J Misra observed that morality could not be narrowly viewed from perspective of an individual, section or religious sect and that it must be in conformity with basic tenets of the Constitution (para 105). He only used this term in the specific context of Article 25 (though one could argue that it could also be used in context of Article 26, since the term used there is the same) and concluded that morality could not be used as a colourable way to restrict women’s right and that public morality has to yield to constitutional morality (para 111). However, he simply asserted the above without analysing the reasons for arriving at this conclusion. This is problematic considering that J Malhotra arrived at an entirely opposite conclusion using the same term.

J Chandrachud reasoned about why constitutional morality should be preferred over societal morality. First, popular notions of morality are transient and morality for constitutional interpretation could not have an ephemeral existence. Second, popular and arbitrary notions of morality could not be used to curtail individual rights. (para 11). According to him, the purpose of the Constitution is to ensure a wider acceptance of human dignity and liberty. Hence, constitutional morality must be deeply rooted in principles found in the preamble of human liberty, equality, fraternity and dignity, as they are means for individuals to secure justice. Therefore, in case of a conflict, human dignity, equality and liberty should prevail over religious beliefs and faiths. (para 12)

J Malhotra did not justify why morality should be interpreted as constitutional morality and directly analysed its interpretation.  She defined the term as “moral values underpinning the text of the constitution” which help ascertain the true meaning of the Constitution and help achieve its objectives (para 11.5). She also recognized equality and non-discrimination to be a facet of constitutional morality, however, held that cherished liberties of faith, belief and worship should also be protected. She concluded that constitutional morality required balancing such rights, and to ensure that religious beliefs of none are undermined (para 11.8) without offering a clear justification for tilting in favour of religious beliefs in comparison to principles of equality and non-discrimination.

  1. Whether exclusion of women constituted an Essential Practice?

J Misra and J Chandrachud both answered the question in negative. J Misra observed that since devotees of Sabrimala are not a religious denomination, whether the practice is essential or not has to be judged on tenets of Hinduism (para 112). He concluded that there is no spiritual or textual evidence to prove that the exclusion is an essential practice of Hinduism (para 122). He later also delved into the issue of whether the practice is essential in the particular context of Sabarimala. Both him and J Chandrachud, emphasized on the fact that on previous occasions, women between 10-50 years were allowed to enter the temple and hence, without continuity, a practice/ custom could not be termed as an essential practice. (J Misra para 125, 126 and J Chandrachud para 51). In addition to this, J Chandrachud also relied on the fact that in earlier days, the prohibition was based on non-religious reasons (physiological reasons- women not being able to complete the journey because of it being arduous). Due to this, the claim failed to fulfil the requirement that the practice is to be on strictly religious ground, and instead it seemed to be based on stereotyping the women of being a weaker gender (para 53).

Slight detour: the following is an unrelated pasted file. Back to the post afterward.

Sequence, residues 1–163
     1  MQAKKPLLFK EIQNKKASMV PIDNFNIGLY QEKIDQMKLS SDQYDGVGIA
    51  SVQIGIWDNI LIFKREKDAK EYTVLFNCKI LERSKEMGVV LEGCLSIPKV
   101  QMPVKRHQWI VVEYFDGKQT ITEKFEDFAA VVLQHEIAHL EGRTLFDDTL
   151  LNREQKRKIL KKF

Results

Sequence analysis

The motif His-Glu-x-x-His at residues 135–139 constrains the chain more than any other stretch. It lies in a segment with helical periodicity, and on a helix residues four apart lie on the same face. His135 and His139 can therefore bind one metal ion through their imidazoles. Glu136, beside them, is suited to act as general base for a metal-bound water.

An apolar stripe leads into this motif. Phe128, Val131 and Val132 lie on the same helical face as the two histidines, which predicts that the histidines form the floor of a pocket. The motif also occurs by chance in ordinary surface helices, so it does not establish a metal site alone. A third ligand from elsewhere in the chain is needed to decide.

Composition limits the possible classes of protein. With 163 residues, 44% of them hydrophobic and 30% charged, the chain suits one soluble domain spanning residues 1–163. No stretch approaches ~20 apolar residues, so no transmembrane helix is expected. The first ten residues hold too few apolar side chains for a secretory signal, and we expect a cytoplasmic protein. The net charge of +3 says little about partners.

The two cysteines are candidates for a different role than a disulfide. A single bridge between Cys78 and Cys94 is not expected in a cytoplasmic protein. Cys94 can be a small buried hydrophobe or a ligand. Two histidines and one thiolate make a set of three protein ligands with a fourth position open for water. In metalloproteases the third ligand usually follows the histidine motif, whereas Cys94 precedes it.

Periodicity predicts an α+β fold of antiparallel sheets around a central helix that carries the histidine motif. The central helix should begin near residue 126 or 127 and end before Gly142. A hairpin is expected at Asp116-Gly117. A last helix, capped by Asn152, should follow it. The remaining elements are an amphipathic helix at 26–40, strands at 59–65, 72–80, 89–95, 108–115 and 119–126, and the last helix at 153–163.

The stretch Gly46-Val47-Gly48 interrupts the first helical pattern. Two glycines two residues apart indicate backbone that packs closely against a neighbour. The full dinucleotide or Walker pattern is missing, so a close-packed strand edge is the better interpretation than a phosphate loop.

J Nariman did not deem it necessary to delve into this question, and proceeded with the assumption that it is an essential practice (para 25). He held that despite it being an essential practice, the prohibition on entry is unconstitutional. The reason being, essential practices are protected under Article 25(1), but the rights in that article are subject to the laws made under Article 25(2) (para 28).

As per J Malhotra, the exclusion of women between 10 to 50 years, is an Essential Religious Practice. She relied on the finding of the High Court decision, which were based on the testimonies of 3 witnesses that had direct and personal knowledge about the temple practices. The 3 witnesses testified that the exclusion was followed since several centuries because the deity in Sabrimala is in the form of a ‘Naishtik Bhramachari’ i.e. celibate.  Based on this the High Court concluded that the custom is followed since time immemorial, and she observed that findings of fact ought not to be opened in an Article 32 petition, as res judicata would apply against the HC decision (para 13.8). Additionally, she also relied on the evidence of these practices that were found in memoir of survey of Tranvancore and Cochin State (para 13.12). She finally concluded that the practice had been followed since time immemorial to preserve the manifestation of the deity and any interference would impact the character of the temple and beliefs of the worshippers. Hence, the practice is an Essential Practice (para 13.13).


The issue of whether exclusion was an Essential Religious Practice, is of great significance. If it was recognized as an Essential Religious Practice, the exclusion of women would be protected by devotees right under Article 25. Thereafter, the court could only prohibit the ban based on violation of any other fundamental right, since the language of Article 25 clearly subjects it to other fundamental rights.

Written by
Chittkrishna Thakkar
Join the discussion

This site uses Akismet to reduce spam. Learn how your comment data is processed.